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Prof. dr. ir. Bart Preneel Bart Preneel

Professor Bart Preneel of KU Leuven heads the COSIC (COmputer Security and Industrial Cryptography) research group. His main research area is information security with a focus on cryptographic algorithms and protocols as well as their applications to both computer and network security, and mobile communications.

He teaches cryptology, network security and coding theory at the KU Leuven and was visiting professor at the Ruhr Universitaet Bochum (Germany), the T.U.Graz (Austria), the University of Bergen (Norway), and the Universiteit Gent (Belgium). In '93-'94 he was a research fellow at the University of California at Berkeley. He has taught intensive courses around the world.

He undertakes industrial consulting (Mastercard International, S.W.I.F.T., Proton World International,...), and participates in the work of ISO/IEC JTC1/SC27/WG2.

Professor Preneel is Vice President of the International Association for Cryptologic Research (IACR) and co-founder and chairman of LSEC vzw (Leuven Security Excellence Consortium).


description

Cryptographic algorithms

Learning objectives

  • understand the fundamental concepts of cryptology;
  • distinguish the different types of cryptographic algorithms;
  • appreciate how cryptographic algorithms can provide
    • confidentiality,
    • data authentication.

Overview

Stream ciphers, block ciphers and hash functions are the three classical types of symmetric algorithms.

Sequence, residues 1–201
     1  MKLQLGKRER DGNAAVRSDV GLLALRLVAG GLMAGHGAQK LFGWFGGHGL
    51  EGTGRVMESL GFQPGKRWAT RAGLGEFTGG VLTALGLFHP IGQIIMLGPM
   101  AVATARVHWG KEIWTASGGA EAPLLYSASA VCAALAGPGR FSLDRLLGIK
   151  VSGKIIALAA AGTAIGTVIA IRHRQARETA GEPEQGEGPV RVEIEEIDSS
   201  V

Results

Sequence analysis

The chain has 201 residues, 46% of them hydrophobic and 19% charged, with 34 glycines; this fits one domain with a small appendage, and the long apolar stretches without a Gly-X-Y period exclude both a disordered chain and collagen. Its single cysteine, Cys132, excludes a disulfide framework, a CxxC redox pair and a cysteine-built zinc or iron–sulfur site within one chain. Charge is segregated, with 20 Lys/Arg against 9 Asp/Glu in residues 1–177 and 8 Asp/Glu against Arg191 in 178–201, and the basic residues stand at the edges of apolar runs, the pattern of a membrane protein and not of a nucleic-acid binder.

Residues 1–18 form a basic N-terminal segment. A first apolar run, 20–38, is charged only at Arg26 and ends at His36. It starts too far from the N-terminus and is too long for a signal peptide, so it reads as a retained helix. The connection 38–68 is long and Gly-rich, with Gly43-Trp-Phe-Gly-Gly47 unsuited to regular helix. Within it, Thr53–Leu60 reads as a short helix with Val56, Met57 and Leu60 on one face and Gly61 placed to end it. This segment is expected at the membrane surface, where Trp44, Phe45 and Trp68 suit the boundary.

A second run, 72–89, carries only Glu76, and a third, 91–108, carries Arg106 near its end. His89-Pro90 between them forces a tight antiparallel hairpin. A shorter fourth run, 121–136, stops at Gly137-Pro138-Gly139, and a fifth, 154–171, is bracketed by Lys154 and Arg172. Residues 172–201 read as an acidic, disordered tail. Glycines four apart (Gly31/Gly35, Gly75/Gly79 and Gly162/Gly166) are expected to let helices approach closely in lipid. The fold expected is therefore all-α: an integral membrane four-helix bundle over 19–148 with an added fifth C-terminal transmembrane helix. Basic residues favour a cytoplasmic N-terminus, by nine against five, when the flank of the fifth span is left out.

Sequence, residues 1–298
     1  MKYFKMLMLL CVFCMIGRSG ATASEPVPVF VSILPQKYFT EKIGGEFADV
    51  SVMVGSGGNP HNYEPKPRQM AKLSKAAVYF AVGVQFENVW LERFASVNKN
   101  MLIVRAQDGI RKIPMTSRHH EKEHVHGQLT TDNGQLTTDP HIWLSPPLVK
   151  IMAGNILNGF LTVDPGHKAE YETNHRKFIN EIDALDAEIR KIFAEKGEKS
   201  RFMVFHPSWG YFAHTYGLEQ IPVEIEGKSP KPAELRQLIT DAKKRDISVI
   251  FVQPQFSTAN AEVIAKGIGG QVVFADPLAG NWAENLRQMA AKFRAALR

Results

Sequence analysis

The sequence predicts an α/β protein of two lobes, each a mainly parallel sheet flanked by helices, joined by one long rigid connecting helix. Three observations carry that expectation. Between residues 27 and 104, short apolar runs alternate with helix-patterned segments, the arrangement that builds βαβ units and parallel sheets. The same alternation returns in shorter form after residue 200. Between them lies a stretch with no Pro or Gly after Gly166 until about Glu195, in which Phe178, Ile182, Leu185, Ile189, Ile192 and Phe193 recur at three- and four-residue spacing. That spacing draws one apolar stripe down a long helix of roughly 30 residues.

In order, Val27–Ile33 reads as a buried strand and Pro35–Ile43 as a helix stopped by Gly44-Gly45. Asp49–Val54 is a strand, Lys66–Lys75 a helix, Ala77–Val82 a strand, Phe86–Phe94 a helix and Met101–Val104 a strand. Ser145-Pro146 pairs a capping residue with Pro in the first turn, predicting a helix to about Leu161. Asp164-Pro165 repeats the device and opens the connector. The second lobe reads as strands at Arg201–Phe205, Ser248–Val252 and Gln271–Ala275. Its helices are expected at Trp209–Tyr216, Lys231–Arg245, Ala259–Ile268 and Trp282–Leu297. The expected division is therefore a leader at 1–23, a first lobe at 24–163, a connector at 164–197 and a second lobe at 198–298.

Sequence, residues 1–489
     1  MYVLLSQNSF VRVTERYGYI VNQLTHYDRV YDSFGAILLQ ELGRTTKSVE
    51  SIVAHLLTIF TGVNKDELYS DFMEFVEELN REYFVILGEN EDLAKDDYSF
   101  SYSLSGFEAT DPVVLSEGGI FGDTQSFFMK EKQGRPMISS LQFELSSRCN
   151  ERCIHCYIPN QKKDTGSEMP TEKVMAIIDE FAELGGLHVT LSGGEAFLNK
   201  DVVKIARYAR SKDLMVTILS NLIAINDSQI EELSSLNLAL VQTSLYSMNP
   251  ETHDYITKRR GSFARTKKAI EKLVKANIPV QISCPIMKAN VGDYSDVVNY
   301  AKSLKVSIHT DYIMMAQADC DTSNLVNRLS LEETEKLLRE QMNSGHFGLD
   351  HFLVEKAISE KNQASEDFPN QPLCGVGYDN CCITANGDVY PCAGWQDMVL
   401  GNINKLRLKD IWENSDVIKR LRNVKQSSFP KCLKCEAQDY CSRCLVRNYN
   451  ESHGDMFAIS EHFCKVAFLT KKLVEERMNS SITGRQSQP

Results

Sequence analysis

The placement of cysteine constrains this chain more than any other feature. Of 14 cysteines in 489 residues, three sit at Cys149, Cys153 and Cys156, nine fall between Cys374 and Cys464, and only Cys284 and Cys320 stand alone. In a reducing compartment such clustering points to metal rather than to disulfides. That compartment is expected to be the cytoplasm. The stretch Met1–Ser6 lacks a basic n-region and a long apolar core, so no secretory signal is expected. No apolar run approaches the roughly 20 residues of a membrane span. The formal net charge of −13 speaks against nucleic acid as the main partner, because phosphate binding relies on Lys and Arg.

A stream cipher generates a keystream of random bits which are exclusive-or'ed with the plaintext. Stream ciphers are often used to provide confidentiality for real-time traffic, such as GSM and Bluetooth.


Block ciphers repeat simple substitution and transposition operations many times on fixed size blocks. The Data Encryption Standard (DES) has been widely used in banking, but is superseded by triple-DES and AES.

Hash functions accept input strings of arbitrary length and produce fixed-length output. A Manipulation Detection Code (MDC) affords integrity protection. Given an output of an MDC, it is infeasible to find the corresponding input and it should be difficult to find colliding inputs. Practical examples are SHA-1, SHA-256 and RIPEMD-160.

A Message Authentication Code (MAC) is a hash function with a secret key that provides data origin authentication. Practical examples are CBC-MAC, based on triple-DES and AES block ciphers.

Partners:

Solvay Brussels School of Economics and Management Katholieke Universiteit Leuven

Affiliated organizations:

OWASP NESSoS iMinds
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